14.05.2021 – STREAM: Okkyung Lee, Janek Schaefer, Mark Dorf

frameless30
online 14-05-2021 20:00 CET until 15-05-2021 20:00 CET

program
artist info
Okkyung Lee on her work
interview with Mark Dorf

 

 


Mark Dorf
Contours, 2019

Written, produced and directed by Mark Dorf
Music in collaboration with Cory Zimmerman
Voice over #1 spoken by Wyne Veen
Voice over #2 spoken by Mark Dorf
Introductory quote adapted from Rosi Braidotti’s The Posthuman

12:03 min
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Okkyung Lee
다시, 또, 봄…
spring time… yet again…

Performed, composed, shot, edited by Okkyung Lee (ASCAP)
Sejong, 2021
Thanks to
Sejong Nurirock Creative Center
Cafe Sinai

28:18 min
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Janek Schaefer
Inaugural concert at ‚Narnia‘ (incl. introduction)

Tape/Vinyl/Loops/Film
Walton-on-Thames
2021
43 min
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Okkyung Lee

In Südkorea aufgewachsen, zog Okkyung Lee 1993 in die USA, um Komposition und Filmmusik zu studieren. Mittlerweile ist sie nicht nur dort, sondern auch in Europa auf dem Feld der Improvisation, als Cellistin und Komponistin bekannt – sowohl als Solokünstlerin als auch in Ensembles und Kollaborationen mit Musikern aus verschiedensten Bereichen. Sie ist Mentorin bei Musikfestivals und hat zahlreiche Musikpreise erhalten.
Inspirationen bezieht sie aus unterschiedlichen Quellen wie Jazz, Noise, westlicher Klassik und der traditionellen und populären Musik ihrer Heimat. Eine große Neugierde und ein entschlossener Sinn für Erkundungen leiten ihre Arbeit.

Nach 27 Jahren im Ausland lebt die Künstlerin Okkyung Lee seit Beginn der Pandemie wieder in Südkorea, in der Nähe ihrer Familie.
In der Stadt Sejong, die 2007 als Smart City und neue Verwaltungshauptstadt geplant und innerhalb weniger Jahre aus dem Boden gestampft wurde, erkundet sie nun diese ihr fremde Stadt und schafft für frameless ein Set mit neuen Stücken zum Thema des sich zurecht Findens – in einer neuen Umgebung, in der Pandemie, in der Welt.

Janek Schaefer

Janek Schaefer absolvierte eine Ausbildung zum Architekten am Royal College of Art, wo er sich auf die Beziehung zwischen Klang, Raum und Ort konzentrierte.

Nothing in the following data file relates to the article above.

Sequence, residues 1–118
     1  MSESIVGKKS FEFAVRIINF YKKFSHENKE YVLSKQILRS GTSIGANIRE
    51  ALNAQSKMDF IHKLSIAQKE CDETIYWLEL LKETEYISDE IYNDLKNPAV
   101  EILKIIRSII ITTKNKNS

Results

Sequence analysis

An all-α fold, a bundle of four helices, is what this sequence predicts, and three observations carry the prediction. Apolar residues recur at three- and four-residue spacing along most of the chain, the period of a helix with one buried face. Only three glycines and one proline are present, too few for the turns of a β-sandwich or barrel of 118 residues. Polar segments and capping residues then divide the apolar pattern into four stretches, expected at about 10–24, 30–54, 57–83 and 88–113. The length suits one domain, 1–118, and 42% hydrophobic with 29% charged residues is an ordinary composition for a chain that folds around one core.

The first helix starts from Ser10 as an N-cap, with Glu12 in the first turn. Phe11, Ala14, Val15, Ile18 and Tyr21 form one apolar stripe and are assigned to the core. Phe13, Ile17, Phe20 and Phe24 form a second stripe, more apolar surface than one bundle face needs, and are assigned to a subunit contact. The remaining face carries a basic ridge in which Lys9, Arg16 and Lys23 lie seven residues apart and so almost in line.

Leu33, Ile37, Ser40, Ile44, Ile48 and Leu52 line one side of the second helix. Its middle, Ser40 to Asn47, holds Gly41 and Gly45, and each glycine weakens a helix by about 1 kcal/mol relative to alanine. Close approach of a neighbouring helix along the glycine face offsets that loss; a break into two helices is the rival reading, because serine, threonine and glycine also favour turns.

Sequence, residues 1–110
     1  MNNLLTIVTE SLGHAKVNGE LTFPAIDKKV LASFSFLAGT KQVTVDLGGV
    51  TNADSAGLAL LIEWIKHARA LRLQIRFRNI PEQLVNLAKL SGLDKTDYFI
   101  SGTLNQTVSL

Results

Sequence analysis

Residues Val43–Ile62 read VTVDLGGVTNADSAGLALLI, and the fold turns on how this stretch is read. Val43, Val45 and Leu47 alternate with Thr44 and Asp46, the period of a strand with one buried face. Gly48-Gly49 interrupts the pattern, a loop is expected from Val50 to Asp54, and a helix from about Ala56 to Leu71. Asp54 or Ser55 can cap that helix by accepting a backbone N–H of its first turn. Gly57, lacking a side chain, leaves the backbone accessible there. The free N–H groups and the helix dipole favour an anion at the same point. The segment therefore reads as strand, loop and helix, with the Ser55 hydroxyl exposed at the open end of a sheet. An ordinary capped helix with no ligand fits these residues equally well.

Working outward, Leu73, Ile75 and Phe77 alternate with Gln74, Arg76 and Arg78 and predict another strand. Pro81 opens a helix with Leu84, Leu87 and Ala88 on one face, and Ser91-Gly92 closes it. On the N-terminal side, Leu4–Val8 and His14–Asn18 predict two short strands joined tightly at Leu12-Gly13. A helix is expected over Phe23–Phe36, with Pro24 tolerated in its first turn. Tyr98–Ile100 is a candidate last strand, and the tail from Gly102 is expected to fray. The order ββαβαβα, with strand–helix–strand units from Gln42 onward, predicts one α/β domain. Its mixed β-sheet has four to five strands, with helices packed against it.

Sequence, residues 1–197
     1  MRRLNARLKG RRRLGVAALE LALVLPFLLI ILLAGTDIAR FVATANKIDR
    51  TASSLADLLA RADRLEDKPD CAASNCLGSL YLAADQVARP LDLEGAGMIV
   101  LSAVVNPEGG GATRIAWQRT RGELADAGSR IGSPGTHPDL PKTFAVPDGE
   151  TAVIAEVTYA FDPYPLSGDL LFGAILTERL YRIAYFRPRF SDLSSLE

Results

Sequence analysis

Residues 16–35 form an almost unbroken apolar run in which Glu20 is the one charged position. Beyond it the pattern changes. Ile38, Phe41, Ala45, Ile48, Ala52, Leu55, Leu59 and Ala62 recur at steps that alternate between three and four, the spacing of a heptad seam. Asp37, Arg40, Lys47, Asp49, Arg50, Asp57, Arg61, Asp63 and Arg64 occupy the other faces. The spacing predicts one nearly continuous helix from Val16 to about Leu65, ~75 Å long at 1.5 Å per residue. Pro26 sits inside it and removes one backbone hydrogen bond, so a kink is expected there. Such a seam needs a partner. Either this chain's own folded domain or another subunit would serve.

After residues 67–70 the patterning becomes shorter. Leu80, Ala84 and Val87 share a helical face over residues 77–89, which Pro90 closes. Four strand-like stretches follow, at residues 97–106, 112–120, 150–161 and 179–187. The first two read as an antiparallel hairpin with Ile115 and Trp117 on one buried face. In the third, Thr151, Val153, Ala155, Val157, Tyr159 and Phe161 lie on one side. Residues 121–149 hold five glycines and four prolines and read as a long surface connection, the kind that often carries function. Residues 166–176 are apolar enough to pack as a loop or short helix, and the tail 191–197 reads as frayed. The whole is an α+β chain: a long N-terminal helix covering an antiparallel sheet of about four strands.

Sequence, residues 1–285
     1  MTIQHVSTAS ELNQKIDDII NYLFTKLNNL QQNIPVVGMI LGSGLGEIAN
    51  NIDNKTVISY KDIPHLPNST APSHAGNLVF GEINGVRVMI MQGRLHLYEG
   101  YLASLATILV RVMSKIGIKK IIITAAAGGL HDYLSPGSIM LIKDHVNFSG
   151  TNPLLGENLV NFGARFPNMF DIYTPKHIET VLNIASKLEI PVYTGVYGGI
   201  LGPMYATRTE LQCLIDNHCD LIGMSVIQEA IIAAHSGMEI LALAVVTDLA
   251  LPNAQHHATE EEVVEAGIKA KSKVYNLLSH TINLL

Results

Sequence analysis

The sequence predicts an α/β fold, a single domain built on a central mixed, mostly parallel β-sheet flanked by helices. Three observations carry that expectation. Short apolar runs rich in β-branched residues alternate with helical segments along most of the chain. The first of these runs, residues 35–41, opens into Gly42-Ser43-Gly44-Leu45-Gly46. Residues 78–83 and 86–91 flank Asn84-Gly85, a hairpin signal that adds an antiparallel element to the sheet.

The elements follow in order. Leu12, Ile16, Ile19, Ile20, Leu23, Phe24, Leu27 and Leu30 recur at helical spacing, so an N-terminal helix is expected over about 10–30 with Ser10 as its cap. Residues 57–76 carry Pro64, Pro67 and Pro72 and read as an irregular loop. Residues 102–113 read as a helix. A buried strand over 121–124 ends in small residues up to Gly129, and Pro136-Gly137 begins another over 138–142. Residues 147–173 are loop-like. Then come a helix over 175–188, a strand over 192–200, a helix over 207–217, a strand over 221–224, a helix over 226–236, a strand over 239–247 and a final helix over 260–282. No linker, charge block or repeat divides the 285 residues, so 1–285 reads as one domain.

1997 erfand er den ‚Tri-Phonic Turntable‘, einen dreiarmigen Plattenspieler, um neue Musik aus modifiziertem Vinyl zu erzeugen und damit live aufzutreten. Er ist im Guinness-Buch der Rekorde als der vielseitigste Plattenspieler der Welt aufgeführt.
Der Kontext jeder Idee ist für Janek Schaefer von zentraler Bedeutung, die Kombination aus analogen und digitalen Techniken bestimmt seine Arbeitsweise.
Der -wie er sich selbst bezeichnet- ‚Artist/Composer/Entertainer/Creative Consultant/Professor & Handymantastic‘ spielt weltweit Konzerte, hält Vorträge, erarbeitet eine Vielzahl an großformatigen Sound-Installationen und ist u.a. als Gastprofessor an der Oxford Brookes University tätig.

Für frameless spielt er das erste Konzert seit 18 Monaten, bevor demnächt seine LP mit William Basinski erscheinen wird.
Dabei sprüht er nur so vor Ideen und wird mit einem 4-Spur-Gerät, jeder Menge Vinyl und einem Tonbandgerät auftreten, aufgenommen in ‚Narnia‘, seinem neuen Konzert- / Club- / Kino- /Kreativ-Studio in Walton-on-Thames, Großbritannien.

Mark Dorf: Contours, Filmstill

In New York ansässig, hat der Medienkünstler Mark Dorf in Zusammenarbeit mit dem Musiker Cory Zimmerman die Videoinstallation Contours geschaffen.
Dabei betrachtet er den Planeten Erde als einen vom Menschen konstruierten und durch den Menschen eingeordneten Ort.